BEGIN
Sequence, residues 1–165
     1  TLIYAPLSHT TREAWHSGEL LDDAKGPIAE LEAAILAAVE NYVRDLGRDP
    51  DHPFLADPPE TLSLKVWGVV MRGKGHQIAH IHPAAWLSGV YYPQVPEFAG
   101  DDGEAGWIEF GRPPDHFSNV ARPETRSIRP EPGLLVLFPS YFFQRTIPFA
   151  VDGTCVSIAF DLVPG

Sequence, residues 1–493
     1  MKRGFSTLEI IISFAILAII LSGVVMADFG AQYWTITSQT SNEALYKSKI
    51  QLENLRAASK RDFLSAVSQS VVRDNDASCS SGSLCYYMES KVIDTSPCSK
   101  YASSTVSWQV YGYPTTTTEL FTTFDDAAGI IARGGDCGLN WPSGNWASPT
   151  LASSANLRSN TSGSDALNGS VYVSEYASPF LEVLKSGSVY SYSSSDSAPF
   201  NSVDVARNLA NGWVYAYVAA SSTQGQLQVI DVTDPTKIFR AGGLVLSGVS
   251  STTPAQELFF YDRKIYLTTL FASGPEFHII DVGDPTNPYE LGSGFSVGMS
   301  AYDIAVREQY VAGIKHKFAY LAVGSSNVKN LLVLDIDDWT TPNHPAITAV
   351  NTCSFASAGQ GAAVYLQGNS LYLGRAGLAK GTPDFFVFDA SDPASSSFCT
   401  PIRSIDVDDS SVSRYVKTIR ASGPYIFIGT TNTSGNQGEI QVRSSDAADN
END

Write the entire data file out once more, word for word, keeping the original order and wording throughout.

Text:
Sequence, residues 1–165
     1  TLIYAPLSHT TREAWHSGEL LDDAKGPIAE LEAAILAAVE NYVRDLGRDP
    51  DHPFLADPPE TLSLKVWGVV MRGKGHQIAH IHPAAWLSGV YYPQVPEFAG
   101  DDGEAGWIEF GRPPDHFSNV ARPETRSIRP EPGLLVLFPS YFFQRTIPFA
   151  VDGTCVSIAF DLVPG

Sequence, residues 1–493
     1  MKRGFSTLEI IISFAILAII LSGVVMADFG AQYWTITSQT SNEALYKSKI
    51  QLENLRAASK RDFLSAVSQS VVRDNDASCS SGSLCYYMES KVIDTSPCSK
   101  YASSTVSWQV YGYPTTTTEL FTTFDDAAGI IARGGDCGLN WPSGNWASPT
   151  LASSANLRSN TSGSDALNGS VYVSEYASPF LEVLKSGSVY SYSSSDSAPF
   201  NSVDVARNLA NGWVYAYVAA SSTQGQLQVI DVTDPTKIFR AGGLVLSGVS
   251  STTPAQELFF YDRKIYLTTL FASGPEFHII DVGDPTNPYE LGSGFSVGMS
   301  AYDIAVREQY VAGIKHKFAY LAVGSSNVKN LLVLDIDDWT TPNHPAITAV
   351  NTCSFASAGQ GAAVYLQGNS LYLGRAGLAK GTPDFFVFDA SDPASSSFCT
   401  PIRSIDVDDS SVSRYVKTIR ASGPYIFIGT TNTSGNQGEI QVRSSDAADN